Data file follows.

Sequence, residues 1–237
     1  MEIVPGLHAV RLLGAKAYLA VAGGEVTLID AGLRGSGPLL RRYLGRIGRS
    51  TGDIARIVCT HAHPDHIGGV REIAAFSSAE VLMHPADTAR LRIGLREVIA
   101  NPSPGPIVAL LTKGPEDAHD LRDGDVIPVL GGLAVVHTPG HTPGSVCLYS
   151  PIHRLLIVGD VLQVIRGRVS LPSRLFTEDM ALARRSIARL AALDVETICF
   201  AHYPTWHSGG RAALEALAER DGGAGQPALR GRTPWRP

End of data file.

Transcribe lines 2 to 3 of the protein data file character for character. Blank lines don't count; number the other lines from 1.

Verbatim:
     1  MEIVPGLHAV RLLGAKAYLA VAGGEVTLID AGLRGSGPLL RRYLGRIGRS
    51  TGDIARIVCT HAHPDHIGGV REIAAFSSAE VLMHPADTAR LRIGLREVIA